Why are black men living the stereotypes and why are we letting them get away with it?
International Tap Festival: Forget Fred Astaire and Ginger Rogers - this dancing is improvised, spontaneous and rhythmic

International Tap Festival comes to the UK

Forget Fred Astaire and Ginger Rogers - this dancing is improvised, spontaneous and rhythmic
War with Isis: Is Turkey's buffer zone in Syria a matter of self-defence – or just anti-Kurd?

Turkey's buffer zone in Syria: self-defence – or just anti-Kurd?

Ankara accused of exacerbating racial division by allowing Turkmen minority to cross the border
Doris Lessing: Acclaimed novelist was kept under MI5 observation for 18 years, newly released papers show

'A subversive brothel keeper and Communist'

Acclaimed novelist Doris Lessing was kept under MI5 observation for 18 years, newly released papers show
Big Blue Live: BBC's Springwatch offshoot swaps back gardens for California's Monterey Bay

BBC heads to the Californian coast

The Big Blue Live crew is preparing for the first of three episodes on Sunday night, filming from boats, planes and an aquarium studio
Austin Bidwell: The Victorian fraudster who shook the Bank of England with the most daring forgery the world had known

Victorian fraudster who shook the Bank of England

Conman Austin Bidwell. was a heartless cad who carried out the most daring forgery the world had known
Car hacking scandal: Security designed to stop thieves hot-wiring almost every modern motor has been cracked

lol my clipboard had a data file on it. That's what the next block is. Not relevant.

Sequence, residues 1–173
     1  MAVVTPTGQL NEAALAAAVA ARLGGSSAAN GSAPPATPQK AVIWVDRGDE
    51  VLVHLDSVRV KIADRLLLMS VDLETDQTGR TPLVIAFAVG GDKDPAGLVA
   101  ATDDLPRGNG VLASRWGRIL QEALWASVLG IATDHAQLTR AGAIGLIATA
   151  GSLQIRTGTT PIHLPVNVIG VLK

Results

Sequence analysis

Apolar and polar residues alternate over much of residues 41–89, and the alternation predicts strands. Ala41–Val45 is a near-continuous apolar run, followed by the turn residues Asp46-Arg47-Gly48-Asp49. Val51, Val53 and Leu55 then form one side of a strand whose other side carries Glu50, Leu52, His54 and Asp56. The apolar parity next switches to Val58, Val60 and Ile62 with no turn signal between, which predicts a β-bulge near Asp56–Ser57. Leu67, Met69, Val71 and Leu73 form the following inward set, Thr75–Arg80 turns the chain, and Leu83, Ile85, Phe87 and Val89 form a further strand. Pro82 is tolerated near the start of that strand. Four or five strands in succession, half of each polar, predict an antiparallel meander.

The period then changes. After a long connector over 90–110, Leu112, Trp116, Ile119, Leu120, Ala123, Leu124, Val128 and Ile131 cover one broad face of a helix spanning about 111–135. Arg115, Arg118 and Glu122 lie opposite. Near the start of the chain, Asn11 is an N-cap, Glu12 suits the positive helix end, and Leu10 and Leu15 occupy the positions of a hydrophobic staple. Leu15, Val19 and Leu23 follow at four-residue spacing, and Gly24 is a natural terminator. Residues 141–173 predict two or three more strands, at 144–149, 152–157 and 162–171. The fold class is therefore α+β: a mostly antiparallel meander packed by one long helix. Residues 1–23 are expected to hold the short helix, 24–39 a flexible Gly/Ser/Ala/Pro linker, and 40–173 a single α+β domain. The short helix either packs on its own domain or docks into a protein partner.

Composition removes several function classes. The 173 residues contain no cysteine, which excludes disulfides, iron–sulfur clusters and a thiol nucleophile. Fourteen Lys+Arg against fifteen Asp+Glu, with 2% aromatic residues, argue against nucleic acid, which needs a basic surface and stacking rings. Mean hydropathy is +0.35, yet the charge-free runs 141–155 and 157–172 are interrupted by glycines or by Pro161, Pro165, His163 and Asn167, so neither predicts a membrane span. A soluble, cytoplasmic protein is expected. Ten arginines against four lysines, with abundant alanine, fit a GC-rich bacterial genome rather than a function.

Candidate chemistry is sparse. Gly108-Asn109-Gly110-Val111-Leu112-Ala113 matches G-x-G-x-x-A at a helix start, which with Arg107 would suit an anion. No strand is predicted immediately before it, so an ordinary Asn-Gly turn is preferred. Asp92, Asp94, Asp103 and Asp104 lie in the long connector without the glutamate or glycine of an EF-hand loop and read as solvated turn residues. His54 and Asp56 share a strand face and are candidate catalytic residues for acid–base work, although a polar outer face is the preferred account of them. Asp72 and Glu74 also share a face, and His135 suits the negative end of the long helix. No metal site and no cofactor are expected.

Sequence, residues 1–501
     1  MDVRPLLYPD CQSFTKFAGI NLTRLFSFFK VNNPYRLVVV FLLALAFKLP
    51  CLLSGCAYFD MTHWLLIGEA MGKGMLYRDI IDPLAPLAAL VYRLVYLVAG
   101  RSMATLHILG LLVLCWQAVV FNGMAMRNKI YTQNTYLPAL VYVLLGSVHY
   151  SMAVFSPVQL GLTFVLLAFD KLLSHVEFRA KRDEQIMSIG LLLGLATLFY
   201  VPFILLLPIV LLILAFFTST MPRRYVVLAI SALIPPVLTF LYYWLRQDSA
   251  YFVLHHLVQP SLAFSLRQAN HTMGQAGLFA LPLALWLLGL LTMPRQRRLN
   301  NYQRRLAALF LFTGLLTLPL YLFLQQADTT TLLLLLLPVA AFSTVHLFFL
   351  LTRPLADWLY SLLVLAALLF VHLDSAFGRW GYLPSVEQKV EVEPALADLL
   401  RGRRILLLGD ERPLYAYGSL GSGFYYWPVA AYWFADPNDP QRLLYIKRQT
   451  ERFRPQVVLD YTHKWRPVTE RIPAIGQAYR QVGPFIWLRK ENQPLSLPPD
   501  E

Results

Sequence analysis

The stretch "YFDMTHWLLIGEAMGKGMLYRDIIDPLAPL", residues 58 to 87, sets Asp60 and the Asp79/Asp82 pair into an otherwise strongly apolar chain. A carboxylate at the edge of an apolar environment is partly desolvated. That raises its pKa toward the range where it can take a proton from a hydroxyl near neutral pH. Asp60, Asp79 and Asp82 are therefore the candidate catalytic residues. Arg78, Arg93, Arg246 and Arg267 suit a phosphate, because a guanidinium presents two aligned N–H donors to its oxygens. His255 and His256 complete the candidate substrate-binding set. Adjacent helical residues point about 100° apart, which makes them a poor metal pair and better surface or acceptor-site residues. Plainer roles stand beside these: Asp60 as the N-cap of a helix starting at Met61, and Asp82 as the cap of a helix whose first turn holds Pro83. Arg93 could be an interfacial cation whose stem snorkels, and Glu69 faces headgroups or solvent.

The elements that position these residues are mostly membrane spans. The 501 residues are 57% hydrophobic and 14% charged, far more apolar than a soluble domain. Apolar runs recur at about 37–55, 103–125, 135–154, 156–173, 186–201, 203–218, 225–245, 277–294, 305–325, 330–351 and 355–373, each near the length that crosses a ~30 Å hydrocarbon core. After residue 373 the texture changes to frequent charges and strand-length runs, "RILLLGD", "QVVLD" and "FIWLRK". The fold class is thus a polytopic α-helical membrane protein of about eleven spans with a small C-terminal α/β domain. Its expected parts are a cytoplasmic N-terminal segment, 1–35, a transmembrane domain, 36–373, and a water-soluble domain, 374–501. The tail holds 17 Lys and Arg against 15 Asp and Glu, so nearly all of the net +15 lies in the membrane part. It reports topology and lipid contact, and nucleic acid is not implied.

Car hacking scandal

Security designed to stop thieves hot-wiring almost every modern motor has been cracked
10 best placemats

Take your seat: 10 best placemats

Protect your table and dine in style with a bold new accessory
Ashes 2015: Alastair Cook not the only one to be caught in The Oval mindwarp

Cook not the only one to be caught in The Oval mindwarp

Aussie skipper Michael Clarke was lured into believing that what we witnessed at Edgbaston and Trent Bridge would continue in London, says Kevin Garside
Can Rafael Benitez get the best out of Gareth Bale at Real Madrid?

Can Benitez get the best out of Bale?

Back at the club he watched as a boy, the pressure is on Benitez to find a winning blend from Real's multiple talents. As La Liga begins, Pete Jenson asks if it will be enough to stop Barcelona
Athletics World Championships 2015: Beijing witnesses new stage in the Jessica Ennis-Hill and Katarina Johnson-Thompson heptathlon rivalry

Beijing witnesses new stage in the Jess and Kat rivalry

The last time the two British heptathletes competed, Ennis-Hill was on the way to Olympic gold and Johnson-Thompson was just a promising teenager. But a lot has happened in the following three years
Jeremy Corbyn: Joining a shrewd operator desperate for power as he visits the North East

Jeremy Corbyn interview: A shrewd operator desperate for power

His radical anti-austerity agenda has caught the imagination of the left and politically disaffected and set a staid Labour leadership election alight
Isis executes Palmyra antiquities chief: Defender of ancient city's past was killed for protecting its future

Isis executes Palmyra antiquities chief

Robert Fisk on the defender of the ancient city's past who was killed for protecting its future